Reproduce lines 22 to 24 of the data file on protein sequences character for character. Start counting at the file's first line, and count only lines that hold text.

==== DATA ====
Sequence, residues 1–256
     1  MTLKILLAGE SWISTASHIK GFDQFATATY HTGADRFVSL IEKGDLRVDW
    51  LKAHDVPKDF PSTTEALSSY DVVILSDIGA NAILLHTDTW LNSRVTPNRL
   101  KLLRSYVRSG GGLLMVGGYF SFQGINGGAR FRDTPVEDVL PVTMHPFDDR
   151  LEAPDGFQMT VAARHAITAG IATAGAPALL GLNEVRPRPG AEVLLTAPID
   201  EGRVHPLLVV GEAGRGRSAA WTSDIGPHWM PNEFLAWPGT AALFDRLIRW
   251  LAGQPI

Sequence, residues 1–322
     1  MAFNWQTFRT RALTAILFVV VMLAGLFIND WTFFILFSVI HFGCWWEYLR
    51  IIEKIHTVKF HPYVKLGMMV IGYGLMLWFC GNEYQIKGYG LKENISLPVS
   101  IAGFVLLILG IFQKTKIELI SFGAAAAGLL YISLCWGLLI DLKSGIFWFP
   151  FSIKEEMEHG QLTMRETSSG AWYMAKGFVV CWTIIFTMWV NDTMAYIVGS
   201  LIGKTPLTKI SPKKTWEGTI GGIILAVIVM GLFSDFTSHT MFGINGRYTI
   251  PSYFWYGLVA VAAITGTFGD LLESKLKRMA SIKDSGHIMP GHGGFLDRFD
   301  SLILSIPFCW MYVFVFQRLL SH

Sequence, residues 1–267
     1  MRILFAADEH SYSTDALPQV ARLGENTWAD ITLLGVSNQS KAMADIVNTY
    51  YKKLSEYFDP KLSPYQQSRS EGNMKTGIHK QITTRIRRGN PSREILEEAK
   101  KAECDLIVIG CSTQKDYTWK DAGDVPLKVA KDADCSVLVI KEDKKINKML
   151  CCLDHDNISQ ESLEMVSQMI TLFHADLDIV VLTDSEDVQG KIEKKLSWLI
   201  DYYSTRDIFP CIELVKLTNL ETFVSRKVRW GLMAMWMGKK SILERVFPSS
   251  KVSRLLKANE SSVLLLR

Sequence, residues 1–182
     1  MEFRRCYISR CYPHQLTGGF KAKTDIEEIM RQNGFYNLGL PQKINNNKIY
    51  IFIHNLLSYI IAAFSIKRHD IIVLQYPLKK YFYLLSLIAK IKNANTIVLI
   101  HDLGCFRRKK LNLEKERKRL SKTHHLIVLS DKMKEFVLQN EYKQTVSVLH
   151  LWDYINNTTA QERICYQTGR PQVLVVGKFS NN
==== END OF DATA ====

   251  KVSRLLKANE SSVLLLR

Sequence, residues 1–182
     1  MEFRRCYISR CYPHQLTGGF KAKTDIEEIM RQNGFYNLGL PQKINNNKIY